This year's presentation will feature "walk-on" appearances by James Ukrop, vice chairman and CEO of Ukrop's Super Markets, Richmond, Va.; Margaret P. McEwan, vice president of consumer services and quality assurance for Shaw's Supermarkets, East Bridgewater, Mass.; and Ulysses Adams, president of Ferndale Foods, Ferndale, Mich., on topics such as prepared food and value-added meals, human resources and Efficient Consumer Response initiatives -- including electronic data interchange, category management and continuous replenishment.

The new convention area has rooms available that FMI will lease on an hourly basis to vendors who want to conduct business reviews or other meetings with their retail customers.

According to Hammonds, these types of discussions have often been conducted in the past at vendor booths on the convention floor. "But there may be some issues that are competitively sensitive that companies would prefer not to discuss in the booth," he said. "So we've expanded the opportunities for these kinds of discussions by allowing companies to lease rooms on a prescheduled basis on the Sunday, Monday and Tuesday of the convention week." Another new opportunity for networking and other face-to-face discussions will come on Monday and Tuesday of the convention, when FMI introduces its idea-exchange breakfasts -- informal sessions from 7 a.m. to 8:15 a.m. -- "which will give attendees an easy way to kick around some ideas with groups of like-minded people," Hammonds said.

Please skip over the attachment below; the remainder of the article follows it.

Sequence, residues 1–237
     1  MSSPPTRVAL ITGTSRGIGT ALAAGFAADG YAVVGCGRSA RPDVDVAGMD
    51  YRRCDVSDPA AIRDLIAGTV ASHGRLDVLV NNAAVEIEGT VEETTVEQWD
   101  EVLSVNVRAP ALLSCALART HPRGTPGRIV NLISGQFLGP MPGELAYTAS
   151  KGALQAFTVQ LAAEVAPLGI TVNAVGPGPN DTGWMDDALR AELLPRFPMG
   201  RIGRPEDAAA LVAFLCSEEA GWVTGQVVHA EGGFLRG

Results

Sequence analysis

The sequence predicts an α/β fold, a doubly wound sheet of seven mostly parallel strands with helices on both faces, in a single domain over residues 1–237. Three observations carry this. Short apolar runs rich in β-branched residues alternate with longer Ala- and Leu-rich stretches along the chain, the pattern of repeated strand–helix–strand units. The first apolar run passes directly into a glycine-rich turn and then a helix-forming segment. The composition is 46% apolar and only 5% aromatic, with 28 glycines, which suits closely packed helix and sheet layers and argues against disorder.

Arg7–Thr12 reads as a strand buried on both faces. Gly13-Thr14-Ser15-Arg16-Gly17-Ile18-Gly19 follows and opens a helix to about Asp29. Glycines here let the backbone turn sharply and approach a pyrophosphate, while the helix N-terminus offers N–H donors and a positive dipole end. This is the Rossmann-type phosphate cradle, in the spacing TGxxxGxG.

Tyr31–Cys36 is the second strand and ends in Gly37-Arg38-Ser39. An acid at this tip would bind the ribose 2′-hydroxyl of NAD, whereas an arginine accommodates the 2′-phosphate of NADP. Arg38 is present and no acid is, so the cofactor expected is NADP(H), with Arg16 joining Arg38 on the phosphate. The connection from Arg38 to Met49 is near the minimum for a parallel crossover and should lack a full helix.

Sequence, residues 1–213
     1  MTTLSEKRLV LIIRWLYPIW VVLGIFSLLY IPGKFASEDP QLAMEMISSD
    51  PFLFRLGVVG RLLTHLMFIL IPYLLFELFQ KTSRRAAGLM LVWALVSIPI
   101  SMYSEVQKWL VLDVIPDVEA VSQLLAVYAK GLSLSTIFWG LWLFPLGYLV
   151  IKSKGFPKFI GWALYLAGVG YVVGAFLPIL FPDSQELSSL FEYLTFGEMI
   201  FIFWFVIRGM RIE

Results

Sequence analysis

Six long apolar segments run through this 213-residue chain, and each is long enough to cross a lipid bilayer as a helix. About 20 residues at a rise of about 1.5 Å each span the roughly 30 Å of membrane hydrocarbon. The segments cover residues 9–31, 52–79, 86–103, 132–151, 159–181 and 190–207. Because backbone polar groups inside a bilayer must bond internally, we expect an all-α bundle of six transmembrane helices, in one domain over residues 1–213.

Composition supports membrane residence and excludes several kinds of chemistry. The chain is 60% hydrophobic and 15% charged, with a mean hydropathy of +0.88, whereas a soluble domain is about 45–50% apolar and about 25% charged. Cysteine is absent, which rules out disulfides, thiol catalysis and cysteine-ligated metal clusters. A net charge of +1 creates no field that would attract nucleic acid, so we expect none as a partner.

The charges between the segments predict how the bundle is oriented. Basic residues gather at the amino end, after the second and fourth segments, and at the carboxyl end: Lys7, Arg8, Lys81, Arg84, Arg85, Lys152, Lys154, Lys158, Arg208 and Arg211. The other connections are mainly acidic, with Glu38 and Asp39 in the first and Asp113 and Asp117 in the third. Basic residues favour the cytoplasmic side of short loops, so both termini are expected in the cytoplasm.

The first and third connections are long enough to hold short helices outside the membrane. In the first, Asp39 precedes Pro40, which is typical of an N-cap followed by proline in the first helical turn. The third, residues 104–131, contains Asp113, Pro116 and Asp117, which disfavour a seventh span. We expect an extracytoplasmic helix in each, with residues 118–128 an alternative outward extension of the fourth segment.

The breakfasts are an outgrowth of similar sessions at other FMI meetings during the year, he noted. "It's always interesting to come to a meeting and get a feel for what others have tried, and these breakfasts are an informal way of doing that."

The breakfasts, whose price is included in the convention registration fee, will be in a single room at McCormick Place, with signs on designated tables indicating what topics are open for discussion at those tables.